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Sep 14, 2015

Hamptons Police Submarine Unit Reports Successful Pilot Season

Well the unofficial end of summer has passed, and wouldn’t you know, perhaps one of the more eclectic stories of the season has been deemed a success.

The Hamptons Police Department announced this week that the inaugural seasonal patrols by its military-surplus Virginia-class submarine were a resounding success.

According the Hamptons Police department “Incidents of BWI [boating while intoxicated] are down more than 30 percent and the number of surprise boater safety inspections was up 400 percent, resulting in greater compliance with life-saving laws and regulations.

While the acquisition of a former U.S. Navy submarine came under harsh criticism by fiscal watchdogs and groups opposed to the militarization of police departments, the HPD says the results demonstrate the submarine is worth the expense.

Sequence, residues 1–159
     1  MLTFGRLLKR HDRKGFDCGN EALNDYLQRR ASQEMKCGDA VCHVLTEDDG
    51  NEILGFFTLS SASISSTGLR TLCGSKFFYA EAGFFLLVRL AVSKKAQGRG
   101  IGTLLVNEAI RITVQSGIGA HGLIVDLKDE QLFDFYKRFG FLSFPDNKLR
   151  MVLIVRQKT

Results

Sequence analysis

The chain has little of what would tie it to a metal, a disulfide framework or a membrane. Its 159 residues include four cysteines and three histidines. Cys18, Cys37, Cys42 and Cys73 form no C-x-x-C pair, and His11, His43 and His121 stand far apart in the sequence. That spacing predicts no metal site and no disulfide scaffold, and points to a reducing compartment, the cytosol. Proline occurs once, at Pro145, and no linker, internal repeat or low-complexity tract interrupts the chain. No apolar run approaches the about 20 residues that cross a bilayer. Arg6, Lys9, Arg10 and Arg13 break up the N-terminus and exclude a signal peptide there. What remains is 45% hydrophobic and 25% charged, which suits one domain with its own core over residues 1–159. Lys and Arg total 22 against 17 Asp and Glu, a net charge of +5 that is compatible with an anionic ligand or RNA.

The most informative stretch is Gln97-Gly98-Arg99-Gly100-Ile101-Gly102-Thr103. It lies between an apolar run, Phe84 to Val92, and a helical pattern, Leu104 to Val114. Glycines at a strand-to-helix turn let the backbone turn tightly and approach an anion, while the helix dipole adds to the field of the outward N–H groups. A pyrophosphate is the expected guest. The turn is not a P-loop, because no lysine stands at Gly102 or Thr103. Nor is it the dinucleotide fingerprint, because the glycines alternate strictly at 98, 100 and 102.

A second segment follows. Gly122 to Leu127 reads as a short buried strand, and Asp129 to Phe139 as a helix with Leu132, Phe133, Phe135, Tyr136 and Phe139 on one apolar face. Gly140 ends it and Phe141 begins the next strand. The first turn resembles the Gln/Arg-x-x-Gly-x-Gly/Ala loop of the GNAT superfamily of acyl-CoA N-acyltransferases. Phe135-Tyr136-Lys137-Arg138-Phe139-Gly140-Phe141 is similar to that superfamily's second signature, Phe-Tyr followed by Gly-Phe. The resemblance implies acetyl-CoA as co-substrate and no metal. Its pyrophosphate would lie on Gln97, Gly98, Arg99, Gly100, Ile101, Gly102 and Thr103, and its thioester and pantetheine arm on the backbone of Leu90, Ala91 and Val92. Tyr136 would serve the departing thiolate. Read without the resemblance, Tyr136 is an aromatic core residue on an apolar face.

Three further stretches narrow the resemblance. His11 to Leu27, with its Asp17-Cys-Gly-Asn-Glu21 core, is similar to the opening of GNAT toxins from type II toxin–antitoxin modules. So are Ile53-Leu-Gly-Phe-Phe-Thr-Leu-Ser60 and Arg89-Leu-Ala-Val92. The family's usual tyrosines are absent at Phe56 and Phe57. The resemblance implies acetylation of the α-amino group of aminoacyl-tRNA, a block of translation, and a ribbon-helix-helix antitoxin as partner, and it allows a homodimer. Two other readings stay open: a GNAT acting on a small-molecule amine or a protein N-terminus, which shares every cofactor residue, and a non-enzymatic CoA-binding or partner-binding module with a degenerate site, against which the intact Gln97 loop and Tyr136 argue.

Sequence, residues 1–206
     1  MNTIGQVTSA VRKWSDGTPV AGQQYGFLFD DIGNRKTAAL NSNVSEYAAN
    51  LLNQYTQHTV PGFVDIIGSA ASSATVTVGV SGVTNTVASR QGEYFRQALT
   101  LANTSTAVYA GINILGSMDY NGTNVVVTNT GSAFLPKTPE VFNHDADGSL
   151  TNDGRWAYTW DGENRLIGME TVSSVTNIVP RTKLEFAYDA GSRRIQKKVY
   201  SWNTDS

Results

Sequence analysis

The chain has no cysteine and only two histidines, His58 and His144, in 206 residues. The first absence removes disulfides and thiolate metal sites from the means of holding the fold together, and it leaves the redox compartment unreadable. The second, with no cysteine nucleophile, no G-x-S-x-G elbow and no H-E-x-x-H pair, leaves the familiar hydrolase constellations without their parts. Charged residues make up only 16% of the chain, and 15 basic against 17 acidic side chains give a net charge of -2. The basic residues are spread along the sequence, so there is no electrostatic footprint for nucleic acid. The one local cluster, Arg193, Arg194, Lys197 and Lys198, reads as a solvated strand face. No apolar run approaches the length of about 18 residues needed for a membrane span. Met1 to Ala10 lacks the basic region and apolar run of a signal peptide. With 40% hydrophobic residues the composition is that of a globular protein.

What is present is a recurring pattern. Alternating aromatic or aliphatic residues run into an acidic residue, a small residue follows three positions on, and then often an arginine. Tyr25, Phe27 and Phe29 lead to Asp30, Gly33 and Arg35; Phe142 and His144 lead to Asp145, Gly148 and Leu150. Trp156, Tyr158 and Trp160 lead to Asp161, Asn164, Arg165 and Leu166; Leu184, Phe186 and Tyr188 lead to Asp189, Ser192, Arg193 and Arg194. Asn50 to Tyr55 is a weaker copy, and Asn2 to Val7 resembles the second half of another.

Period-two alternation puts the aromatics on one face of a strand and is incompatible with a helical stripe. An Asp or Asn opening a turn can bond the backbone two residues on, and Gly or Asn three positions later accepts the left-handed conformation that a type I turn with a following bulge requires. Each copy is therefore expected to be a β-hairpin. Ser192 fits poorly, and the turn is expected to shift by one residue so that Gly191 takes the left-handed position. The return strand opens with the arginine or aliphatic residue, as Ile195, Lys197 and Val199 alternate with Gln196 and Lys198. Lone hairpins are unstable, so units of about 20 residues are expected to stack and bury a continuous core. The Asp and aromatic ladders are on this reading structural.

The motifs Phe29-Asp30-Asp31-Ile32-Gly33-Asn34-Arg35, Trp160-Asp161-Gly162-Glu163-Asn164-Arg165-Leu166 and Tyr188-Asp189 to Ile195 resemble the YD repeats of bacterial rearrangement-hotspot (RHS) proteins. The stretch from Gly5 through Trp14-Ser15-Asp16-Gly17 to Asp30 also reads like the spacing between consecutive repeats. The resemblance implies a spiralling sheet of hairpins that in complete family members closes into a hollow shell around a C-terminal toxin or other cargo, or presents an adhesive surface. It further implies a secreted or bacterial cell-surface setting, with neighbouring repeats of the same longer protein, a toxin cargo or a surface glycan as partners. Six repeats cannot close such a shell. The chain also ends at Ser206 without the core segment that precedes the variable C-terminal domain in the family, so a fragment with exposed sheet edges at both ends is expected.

While the vessel, itself, was compliments of the federal government, the staffing and maintenance are the responsibility of the local municipality—and Hamptons taxpayers.

On the day after Labor Day, known by locals as “Tumbleweed Tuesday,” the police department began the process to dry-dock the submarine, dubbed Jaws VIII, for the off-season. The sub will return to the water no later than Memorial Day 2016 for another summer of marine patrols.

 Jaws VIII‘s effectiveness in keeping the Hamptons safe is unparalleled and could not be accomplished by any boat or ship. And not only is the submarine a deterrent to criminals, he added, it is also a tourist attraction. Many Hamptons visitors this summer called the police department ahead of weekends to find out when and where they could see the submarine.

Many boaters learned that lesson the hard way this summer. The Hamptons Police Department Submarine Unit (HPDSU) made its first arrest June 7, busting an overcrowded pleasure boat off Montauk Point. The carousing boaters were hit with a bevy of charges, including boating under the influence, indecent exposure, harassment and possession of controlled substances, along with several boating violations, such as failure to carry required safety equipment, reckless operation and failure to display validation sticker.

thanks to Dan's Paper for the information